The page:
I finished The Fault in Our Stars yesterday and declared it one of my favorite novels ever. Although I haven’t reviewed a book on its own in awhile and I even had plans for another post today, I need some space to gush.
If you haven’t read the book, please do two things for me. Go buy the book. And until you do, don’t read anymore of this post.
If you’ve read the book, please prepare your typing fingers because I need you to gush with me in the comments.
Here are some Gushy Thoughts about the book:
- What I loved most about this book is it’s fearless. John Green wasn’t scared to make an entire book about kids with cancer. Who does that? Who wants to live in a world of Kids with Cancer long enough to write, edit and deliver a novel about it? I can’t imagine the writing process was an entirely happy one but I’m so glad he wasn’t afraid to live there for awhile. He was brave to make Isaac blind and Van Houten miserable and Augustus dead.
- I love that John Green writes for writers. He makes his characters have conversations about the improper use of “literally”, centers an entire plot line about a character’s need to know the ending to a story and often use poetry. Even though I don’t get poetry, I appreciate that he does, that the characters do and there’s still something romantic about it.
“As he read, I fell in love the way you fall asleep: slowly, then all at once.”
- There’s a truthiness and grit to Hazel without her being annoying and overly sarcastic. She gushes over the boy often but only because she’s been pushed to the point by Augustus where it really demands it. I was grinning like a fool at Augustus too so I’d be upset if she was too cynical about love.
- So maybe Augustus was too much. I mean, he was a basketball playing, cancer suriving, good-looking, poetry quoting, wish granting, self-sacrificing boy but I mean. He died. He’s allowed to be awesome.
“Oh, I wouldn’t mind, Hazel Grace. It would be a privilege to have my heart broken by you.”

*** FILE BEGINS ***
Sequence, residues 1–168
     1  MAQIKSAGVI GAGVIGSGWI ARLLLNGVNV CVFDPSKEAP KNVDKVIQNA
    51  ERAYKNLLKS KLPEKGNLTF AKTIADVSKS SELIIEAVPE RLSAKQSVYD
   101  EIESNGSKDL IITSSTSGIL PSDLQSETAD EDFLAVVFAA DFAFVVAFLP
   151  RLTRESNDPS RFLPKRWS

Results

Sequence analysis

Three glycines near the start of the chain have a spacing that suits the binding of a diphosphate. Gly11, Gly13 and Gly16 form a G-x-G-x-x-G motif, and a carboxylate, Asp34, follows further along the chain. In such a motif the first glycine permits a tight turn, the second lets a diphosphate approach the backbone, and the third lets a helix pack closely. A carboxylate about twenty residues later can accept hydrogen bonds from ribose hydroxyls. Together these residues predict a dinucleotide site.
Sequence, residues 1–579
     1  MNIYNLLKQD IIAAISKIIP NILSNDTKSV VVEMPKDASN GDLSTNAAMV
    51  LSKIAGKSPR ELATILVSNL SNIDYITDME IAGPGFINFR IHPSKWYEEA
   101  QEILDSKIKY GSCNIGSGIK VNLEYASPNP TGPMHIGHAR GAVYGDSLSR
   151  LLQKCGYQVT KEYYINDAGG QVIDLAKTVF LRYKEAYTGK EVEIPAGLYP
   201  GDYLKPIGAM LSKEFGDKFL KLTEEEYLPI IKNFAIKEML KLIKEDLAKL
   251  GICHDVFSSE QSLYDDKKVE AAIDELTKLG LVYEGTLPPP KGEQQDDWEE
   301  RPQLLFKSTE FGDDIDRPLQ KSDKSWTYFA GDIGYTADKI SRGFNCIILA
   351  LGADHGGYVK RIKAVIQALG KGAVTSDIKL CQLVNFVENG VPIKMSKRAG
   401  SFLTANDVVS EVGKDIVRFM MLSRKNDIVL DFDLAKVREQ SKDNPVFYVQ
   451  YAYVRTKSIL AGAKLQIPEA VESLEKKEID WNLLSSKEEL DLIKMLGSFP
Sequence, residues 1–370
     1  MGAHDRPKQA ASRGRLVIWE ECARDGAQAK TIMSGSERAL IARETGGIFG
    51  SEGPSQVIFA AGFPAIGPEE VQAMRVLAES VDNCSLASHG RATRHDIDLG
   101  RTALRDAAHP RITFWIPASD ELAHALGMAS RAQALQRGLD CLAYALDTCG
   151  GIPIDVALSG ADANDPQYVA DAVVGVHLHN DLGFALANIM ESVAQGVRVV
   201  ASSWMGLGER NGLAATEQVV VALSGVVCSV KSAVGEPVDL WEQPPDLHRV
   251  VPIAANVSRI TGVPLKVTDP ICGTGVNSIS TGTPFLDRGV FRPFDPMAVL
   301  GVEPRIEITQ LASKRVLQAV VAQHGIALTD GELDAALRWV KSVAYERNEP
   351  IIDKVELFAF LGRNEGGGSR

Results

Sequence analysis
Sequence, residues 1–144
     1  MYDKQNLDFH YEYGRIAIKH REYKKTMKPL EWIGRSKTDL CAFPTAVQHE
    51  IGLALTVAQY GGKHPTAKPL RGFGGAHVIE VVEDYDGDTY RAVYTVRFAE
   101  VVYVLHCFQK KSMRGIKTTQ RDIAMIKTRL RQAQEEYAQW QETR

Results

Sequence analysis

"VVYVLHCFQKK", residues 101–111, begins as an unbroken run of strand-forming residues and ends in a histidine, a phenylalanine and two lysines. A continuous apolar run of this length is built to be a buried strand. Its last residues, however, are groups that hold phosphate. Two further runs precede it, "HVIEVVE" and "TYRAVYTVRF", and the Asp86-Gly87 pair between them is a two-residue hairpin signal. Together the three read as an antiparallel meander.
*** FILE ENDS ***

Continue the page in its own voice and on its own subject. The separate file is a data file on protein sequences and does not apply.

- I want to relive their Amsterdam trip. Even though they were disappointed and really didn’t get what they were going for,the conflict made it all the more interested to read and the night they had together was well, epic.
“Some tourists think Amsterdam is a city of sin, but in truth it is a city of freedom. And in freedom, most people find sin.”
- I couldn’t have been happier with the ending. Her mother was moving on and Hazel didn’t feel so much like a grenade anymore. Hazel got a kind of goodbye from Augustus and an ending to her story all in one swoop. Even though we don’t ever know what happened to Anna’s mom, I rather prefer it that way. It’s clear Hazel isn’t going to survive, but I’m glad that Green neither saved her nor put us through her death.
I know I’ll post this and think of 27 more things to gush about. Ever since I finished it yesterday, I keep thinking about it.
So here’s your chance folks, gush about this book with me. I mean, please tell me you loved it too. There wasn’t anyone that hated is there? I can’t imagine but tell me if you did.
Is there a movie in the works for this book? I haven’t looked it up and haven’t decided whether I want one although I already have been trying to decide who could do Augustus justice. Michael Rady (Sisterhood of the Traveling Pants) is at the top of my list right now.
Now, GO GUSH! Okay? Okay.